PS: here's the real miracle - the Ego is such a pleasure to use that even my wife and daughters are happy to mow! But the dumbest name ever attached to a consumer product.

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Re: Goodbye Gas Mower, Hello Electric!

Postby Tomterrific » Tue Sep 06, 2016 8:38 am

The 20 HP B&S engine needs the intake valve adjusted. There is an automatic compression release on the intake valve. The valve clearance slowly increases until the compression release is no longer effective. The result of too large of valve clearance is backfiring on start and a broken starter motor gear.

Above I described how to fix a push mower that hits an object. Pull the flywheel and reposition it over the key slot. You don't even need a new Woodruff key as the crankshaft taper holds the wheel in position. The blade will be bent so it will need replaced as well. I've tried to bend a blade back straight but have been unsuccessful. If it turns out the crankshaft is bent as well, the engine is not worth repairing further. A good way to fix free mowers.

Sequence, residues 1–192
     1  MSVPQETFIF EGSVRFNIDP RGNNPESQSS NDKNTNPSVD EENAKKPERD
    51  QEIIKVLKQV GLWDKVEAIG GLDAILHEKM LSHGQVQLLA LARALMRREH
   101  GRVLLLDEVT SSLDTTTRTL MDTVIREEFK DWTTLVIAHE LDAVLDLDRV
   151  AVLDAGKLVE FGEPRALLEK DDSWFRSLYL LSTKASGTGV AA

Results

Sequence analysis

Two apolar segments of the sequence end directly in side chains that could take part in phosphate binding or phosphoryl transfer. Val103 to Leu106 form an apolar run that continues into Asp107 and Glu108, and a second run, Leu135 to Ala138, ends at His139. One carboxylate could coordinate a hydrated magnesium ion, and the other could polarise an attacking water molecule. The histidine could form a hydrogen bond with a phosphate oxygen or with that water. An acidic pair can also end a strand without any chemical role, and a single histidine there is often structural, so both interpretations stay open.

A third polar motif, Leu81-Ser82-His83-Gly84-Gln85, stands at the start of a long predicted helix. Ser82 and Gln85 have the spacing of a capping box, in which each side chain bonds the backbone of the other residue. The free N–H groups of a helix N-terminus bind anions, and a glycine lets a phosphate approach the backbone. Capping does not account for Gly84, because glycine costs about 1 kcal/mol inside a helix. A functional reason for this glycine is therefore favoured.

Tom
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Re: Goodbye Gas Mower, Hello Electric!

Postby gudmund » Mon Nov 07, 2016 12:03 am

3 things I will not do in my adult life time - and that is #1 weed flower beds, cut wood or mow grass - have no flowers - if it can't survive on it own, it don't belong and #2 am 100% all electric (Pacific NW-almost 100% Hydro-electric power sourced) in a 720 sq. ft. house with a fire place that has never been used since I have been here since 1989 - NO FIREWOOD and #3 I "mow" my yard once or twice a year with 'round-up' thus never have ever had a lawn mower and like smoking - I NEVER WILL!! (Yes - I am lazy and Hate Yard Work!!!! The yard is beauty bark w/gravel walkways. Low to "NO" maintenance - More time for TEAR DROPPING now that I am retired)